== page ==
Canadian Stephen Lund has established himself as one of the world’s leading ‘Strava artists’, creating a series of what he calls GPS doodles on the streets in and around Victoria, British Columbia.
We’ve featured Strava art previously here on Cycling Weekly, but few riders have such an extensive and impressive portfolio as Lund.
Like other Strava artists, Lund carefully plans out a route on his bike, then uses a GPS computer – a Garmin in this case – to track his ride. When uploaded to Strava, the route forms a picture or message.
Rather than drawing simple objects, Lund has travelled thousands of kilometres on his bike etching out a variety of creatures, objects and people, including recreating an anatomically correct version of Michelangelo’s David.
Lund cleverly uses natural features and road layouts, so that for example a circular ring road becomes an eye. Sometimes it means that he has to draw/ride them ‘upside down’ to make the image work.
Lund’s art has caused a stir in his native Canada, and late last year he was invited to give a presentation at a TEDx (Technology, Entertainment, Design) conference.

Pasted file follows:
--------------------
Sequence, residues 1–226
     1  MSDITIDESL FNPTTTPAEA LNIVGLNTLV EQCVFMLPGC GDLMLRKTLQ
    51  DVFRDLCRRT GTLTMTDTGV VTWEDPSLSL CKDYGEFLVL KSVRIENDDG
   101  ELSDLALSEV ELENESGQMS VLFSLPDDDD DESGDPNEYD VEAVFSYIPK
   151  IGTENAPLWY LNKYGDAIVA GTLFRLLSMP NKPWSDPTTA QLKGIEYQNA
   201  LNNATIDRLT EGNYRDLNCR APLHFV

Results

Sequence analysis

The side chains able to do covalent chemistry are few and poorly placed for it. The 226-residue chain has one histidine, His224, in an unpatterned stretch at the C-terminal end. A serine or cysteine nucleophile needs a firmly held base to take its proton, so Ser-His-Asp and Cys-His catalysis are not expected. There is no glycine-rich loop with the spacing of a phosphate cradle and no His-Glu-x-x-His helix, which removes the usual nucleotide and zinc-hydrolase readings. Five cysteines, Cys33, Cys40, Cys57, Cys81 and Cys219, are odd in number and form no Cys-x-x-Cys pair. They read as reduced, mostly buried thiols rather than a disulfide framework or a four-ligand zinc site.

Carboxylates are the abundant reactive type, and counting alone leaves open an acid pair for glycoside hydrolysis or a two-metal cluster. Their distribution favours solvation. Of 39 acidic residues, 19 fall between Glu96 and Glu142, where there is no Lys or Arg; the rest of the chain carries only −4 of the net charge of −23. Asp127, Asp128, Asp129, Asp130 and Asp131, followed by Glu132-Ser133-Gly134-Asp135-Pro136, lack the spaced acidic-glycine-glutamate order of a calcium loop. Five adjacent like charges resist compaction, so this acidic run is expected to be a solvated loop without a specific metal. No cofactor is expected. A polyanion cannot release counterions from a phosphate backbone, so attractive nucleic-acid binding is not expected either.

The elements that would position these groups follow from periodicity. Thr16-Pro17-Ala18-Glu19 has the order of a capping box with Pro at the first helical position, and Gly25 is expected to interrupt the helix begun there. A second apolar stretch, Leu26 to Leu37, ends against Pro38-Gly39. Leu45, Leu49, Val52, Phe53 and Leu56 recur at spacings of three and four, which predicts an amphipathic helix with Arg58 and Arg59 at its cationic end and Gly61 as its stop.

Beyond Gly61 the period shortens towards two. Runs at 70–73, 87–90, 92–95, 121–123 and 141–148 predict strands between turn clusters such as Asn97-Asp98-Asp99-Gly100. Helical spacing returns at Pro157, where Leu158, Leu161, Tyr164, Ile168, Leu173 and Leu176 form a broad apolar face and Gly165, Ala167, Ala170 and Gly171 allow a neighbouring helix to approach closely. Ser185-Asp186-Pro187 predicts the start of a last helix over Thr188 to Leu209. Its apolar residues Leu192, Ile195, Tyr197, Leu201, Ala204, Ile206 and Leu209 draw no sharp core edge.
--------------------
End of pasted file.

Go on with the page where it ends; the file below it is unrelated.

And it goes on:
Lund started off his career in GPS doodling with a simple ‘Happy 2015’ message on January 1 2015 to celebrate New Year, but he quickly became hooked and created ever more elaborate designs.
“I’ll admit that this first doodle was crude and rudimentary but it was transformational,” said Lund.
“After this my bike was no longer a bike, it was a crimson-dipped paintbrush and the entire city was my canvass. GPS doodling gave me a way to inject a sense of purpose into my rides. It gave me a way to disguise exercise as urban exploration and creative expression, a way to make exercise fun.”
It must have worked, because Lund clocked up over 20,000 kilometres of riding during 2015, many of it while creating his masterpieces.
Lund catalogues his bike drawing exploits via his website, aptly named www.gpsdoodles.com as well as on his Strava account.